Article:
By Guest Contributor Claire Light, cross-posted from The Nerds Of Color
How do you imagine a life you could never live? Though not really a theme, this problem is at the heart of Netflix’s new original series Sense8, created by the Wachowskis and J. Michael Straczynski, and heavily influenced by Tom Tykwer. Like many fantastical or science fictional premises, Sense8’s premise is a wish fulfillment: not — as is typical of this genre and the Wachowskis’ earlier work — the wish fulfillment of the disempowered middle school nerd stuffed into a locker, but rather the Mary Sue desire of a mature, white American writer/auteur who has discovered that an entire world is “out there,” one that the maker doesn’t know how to imagine.
By Arturo R. Garcia
Enough time has probably passed that most of us can now consider Marvel’s new Daredevil adaptation in full — both the good and the bad. And make no mistake, the good has been very good at times.
In fact, I suggested on the Lawyers, Guns & Money podcast that this show, along with Orphan Black, The Flash and arguably Arrow, has introduced enough non-mainstream “prestige” shows that calls for a set of separate sci-fi/fantasy Emmys should be taken seriously.
But, like a hurdler tripping and landing chin-first near the finish line, Daredevil’s 12th episode closes on a note that is less “shocking” than it is disappointing. And par for the course with the comics industry in all the wrong ways.
SPOILERS under the cut.
By Arturo R. García
Just eight episodes into its debut season, The Flash has established itself as a viable long-term investment for Warner Brothers and the CW Network — we just hope that the show does some investing of its own not just in Team Flash, but in Iris and Joe West.*
Coming off a satisfying crossover with its sister show, Arrow, there’s signs that Flash is ready to start tweaking its superhero-procedural formula. And one thing we’d love to see would be a “Zeppo” episode giving the Wests a bigger share of the spotlight as the show wraps up the first half of the season.
* Unless one of them gets killed off first.
SPOILERS under the cut
By Arturo R. García
The final day of the Comic Fest opened with one of the most far-ranging topics in speculative fiction in Afrofuturism. And true to form, the speakers reached into the past and toward the future in discussing not only their interpretation of the concept, but how it has influenced their fandom and their work.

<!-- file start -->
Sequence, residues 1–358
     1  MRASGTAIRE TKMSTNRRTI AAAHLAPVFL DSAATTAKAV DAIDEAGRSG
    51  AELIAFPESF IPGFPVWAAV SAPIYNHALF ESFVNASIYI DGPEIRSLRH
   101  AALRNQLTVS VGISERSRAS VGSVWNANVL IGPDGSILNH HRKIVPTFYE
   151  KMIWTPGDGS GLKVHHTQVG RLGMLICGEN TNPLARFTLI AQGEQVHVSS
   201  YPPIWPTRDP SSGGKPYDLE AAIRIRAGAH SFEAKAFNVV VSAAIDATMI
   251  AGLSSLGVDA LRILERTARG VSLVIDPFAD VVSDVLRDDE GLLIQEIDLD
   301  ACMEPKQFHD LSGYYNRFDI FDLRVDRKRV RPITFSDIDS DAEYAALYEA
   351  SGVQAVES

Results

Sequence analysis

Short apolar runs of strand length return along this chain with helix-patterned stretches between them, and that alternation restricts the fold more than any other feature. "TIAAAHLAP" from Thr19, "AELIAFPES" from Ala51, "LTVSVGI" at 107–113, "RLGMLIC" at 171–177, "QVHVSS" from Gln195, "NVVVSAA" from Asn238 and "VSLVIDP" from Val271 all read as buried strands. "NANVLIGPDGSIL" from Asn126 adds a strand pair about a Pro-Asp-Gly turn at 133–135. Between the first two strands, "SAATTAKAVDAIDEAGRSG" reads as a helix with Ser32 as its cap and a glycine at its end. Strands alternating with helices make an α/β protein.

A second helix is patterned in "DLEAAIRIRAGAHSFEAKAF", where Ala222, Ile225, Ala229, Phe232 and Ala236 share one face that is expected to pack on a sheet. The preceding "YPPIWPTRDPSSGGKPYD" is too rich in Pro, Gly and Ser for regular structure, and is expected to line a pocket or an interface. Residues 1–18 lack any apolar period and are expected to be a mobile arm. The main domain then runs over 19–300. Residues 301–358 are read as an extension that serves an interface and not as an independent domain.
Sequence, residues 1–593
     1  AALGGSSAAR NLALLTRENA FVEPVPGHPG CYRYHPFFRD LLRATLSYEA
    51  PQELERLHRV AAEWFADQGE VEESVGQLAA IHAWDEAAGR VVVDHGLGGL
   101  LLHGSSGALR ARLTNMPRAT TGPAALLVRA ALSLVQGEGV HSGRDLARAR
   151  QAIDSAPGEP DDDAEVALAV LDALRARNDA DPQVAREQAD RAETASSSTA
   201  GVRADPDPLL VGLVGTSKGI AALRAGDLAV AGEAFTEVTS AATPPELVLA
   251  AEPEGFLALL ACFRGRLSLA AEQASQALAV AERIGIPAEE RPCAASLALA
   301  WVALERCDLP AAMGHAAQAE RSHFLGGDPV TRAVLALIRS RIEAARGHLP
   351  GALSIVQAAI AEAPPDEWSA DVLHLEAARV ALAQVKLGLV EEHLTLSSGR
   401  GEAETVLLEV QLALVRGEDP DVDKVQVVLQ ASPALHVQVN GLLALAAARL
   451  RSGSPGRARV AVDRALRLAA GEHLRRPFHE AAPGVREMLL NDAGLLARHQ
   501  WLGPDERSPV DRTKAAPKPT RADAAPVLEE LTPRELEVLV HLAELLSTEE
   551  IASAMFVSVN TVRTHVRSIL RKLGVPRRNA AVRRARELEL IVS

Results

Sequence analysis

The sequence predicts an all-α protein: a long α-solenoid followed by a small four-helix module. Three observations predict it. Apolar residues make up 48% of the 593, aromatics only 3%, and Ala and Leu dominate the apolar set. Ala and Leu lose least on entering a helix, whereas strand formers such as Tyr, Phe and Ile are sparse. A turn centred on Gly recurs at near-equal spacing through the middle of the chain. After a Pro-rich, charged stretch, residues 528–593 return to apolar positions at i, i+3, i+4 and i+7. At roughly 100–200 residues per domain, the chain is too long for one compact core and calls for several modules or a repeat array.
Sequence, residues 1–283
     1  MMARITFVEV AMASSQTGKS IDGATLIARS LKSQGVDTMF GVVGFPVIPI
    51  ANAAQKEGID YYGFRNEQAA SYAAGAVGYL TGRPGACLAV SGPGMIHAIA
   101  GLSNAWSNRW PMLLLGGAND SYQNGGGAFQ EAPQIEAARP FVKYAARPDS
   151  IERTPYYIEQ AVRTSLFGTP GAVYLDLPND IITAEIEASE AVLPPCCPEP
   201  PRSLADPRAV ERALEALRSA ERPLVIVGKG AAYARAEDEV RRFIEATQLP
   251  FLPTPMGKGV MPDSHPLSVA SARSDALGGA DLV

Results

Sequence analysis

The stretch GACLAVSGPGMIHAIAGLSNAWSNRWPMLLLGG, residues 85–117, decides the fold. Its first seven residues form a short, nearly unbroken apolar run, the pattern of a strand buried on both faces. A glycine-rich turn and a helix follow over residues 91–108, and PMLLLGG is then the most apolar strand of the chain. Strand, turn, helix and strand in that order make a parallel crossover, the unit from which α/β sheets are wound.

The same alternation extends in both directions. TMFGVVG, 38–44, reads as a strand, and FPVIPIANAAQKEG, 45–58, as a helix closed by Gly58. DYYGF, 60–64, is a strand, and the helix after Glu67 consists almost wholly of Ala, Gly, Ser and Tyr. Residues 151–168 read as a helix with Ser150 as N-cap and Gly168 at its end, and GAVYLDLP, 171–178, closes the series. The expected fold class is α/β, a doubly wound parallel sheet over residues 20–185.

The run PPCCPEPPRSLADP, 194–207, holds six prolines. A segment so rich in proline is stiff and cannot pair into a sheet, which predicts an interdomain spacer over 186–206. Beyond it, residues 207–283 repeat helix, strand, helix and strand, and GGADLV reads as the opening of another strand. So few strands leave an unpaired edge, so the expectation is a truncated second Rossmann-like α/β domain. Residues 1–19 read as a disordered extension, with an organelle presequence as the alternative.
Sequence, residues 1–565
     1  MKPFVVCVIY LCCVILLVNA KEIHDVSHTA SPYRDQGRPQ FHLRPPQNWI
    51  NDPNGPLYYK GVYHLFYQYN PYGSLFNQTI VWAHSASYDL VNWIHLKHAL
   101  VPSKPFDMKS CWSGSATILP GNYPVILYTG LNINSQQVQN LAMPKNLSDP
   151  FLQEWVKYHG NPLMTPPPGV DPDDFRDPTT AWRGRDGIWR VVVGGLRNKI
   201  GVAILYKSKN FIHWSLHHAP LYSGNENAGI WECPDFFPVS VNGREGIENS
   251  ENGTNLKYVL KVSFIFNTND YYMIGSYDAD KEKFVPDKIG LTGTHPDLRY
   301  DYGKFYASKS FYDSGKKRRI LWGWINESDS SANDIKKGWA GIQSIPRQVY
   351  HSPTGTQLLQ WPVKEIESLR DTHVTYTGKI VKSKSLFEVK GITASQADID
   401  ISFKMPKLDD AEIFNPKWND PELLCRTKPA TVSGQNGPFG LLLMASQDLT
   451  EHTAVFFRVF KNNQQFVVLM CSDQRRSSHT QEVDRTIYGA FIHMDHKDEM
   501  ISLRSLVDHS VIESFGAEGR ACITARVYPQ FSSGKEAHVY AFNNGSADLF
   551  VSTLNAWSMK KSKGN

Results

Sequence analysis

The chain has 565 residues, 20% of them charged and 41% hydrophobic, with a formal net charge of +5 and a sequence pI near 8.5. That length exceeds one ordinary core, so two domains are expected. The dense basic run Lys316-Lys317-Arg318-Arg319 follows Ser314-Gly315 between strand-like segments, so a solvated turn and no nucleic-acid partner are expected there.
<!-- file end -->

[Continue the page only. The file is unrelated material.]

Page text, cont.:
By Arturo R. García
Over the weekend I went to the third annual San Diego Comic Fest, which has pointedly positioned itself as the anti-Comic Con.
Specifically, the size of the event is kept manageable for vendors, presenters and attendees alike; no conference room holds more than 40 or 50 people at one time, allowing for a more relaxed atmosphere and easier conversations between panelists and their audiences.
One end result is, panels focusing on diversity don’t feel as lost in the shuffle. And the Latino Comics panel covered not only industry trends within Latin America, but the rapidly-evolving effects of Latinidad on the U.S.’ identity.
The issues for people of color in Hollywood run deep – so much so that we occasionally forget how invested the industry can be in denying opportunities to enter this business.
Jada Pinkett Smith landed a coveted role on the show as Fish Mooney, a female mob leader:
So we have a black woman on screen in a major role. But what is happening behind the scenes? Are people of color being represented in other parts of the industry, like doing stunt work? Not so, according to Deadline Hollywood:
After receiving inquiries from Deadline, Warner Bros. has canceled plans to “paint down” a white stunt woman to double for a black actress on its hit Fox show Gotham. On Monday, dark makeup was applied to the face of a white stunt woman in a hair and makeup test in advance of two days of filming next week in New York. After receiving calls from Deadline, WB initially downplayed the significance of the story, but after looking into it said that it had made a “mistake” and would hire a black stunt woman instead.
Really? Continue reading
by Guest Contributor Deepa
Hi, my name is Deepa, and I’m excited to be reviewing ABC’s new fall show Selfie for you!
When I first heard the premise of Selfie, I was pretty skeptical. It was billed as a modern-day version of the musical My Fair Lady, a story that is very much of a specific time and place. Set in London in the early 1910s, the musical (based on George Bernard Shaw’s play Pygmalion) is the story of Eliza Doolittle, a working-class woman who wants to improve her circumstances.
Enter Professor Henry Higgins, who is one of those unashamedly arrogant and misogynistic assholes that all of us have met at some point. By virtue of his apparent brilliance in the field of phonetics, Eliza decides he is the only one who can help her lose Cockney accent, which, Higgins says, is what truly ties her to her class. With the help of his friend Colonel Pickering (a much more chivalrous but no less patronizing gentleman), Higgins teaches Eliza not only to speak differently, but to conduct herself in high society. But when I found out that the Henry Higgins character would be portrayed not only by a person of color, but by John Cho, I decided I wanted to give it a try.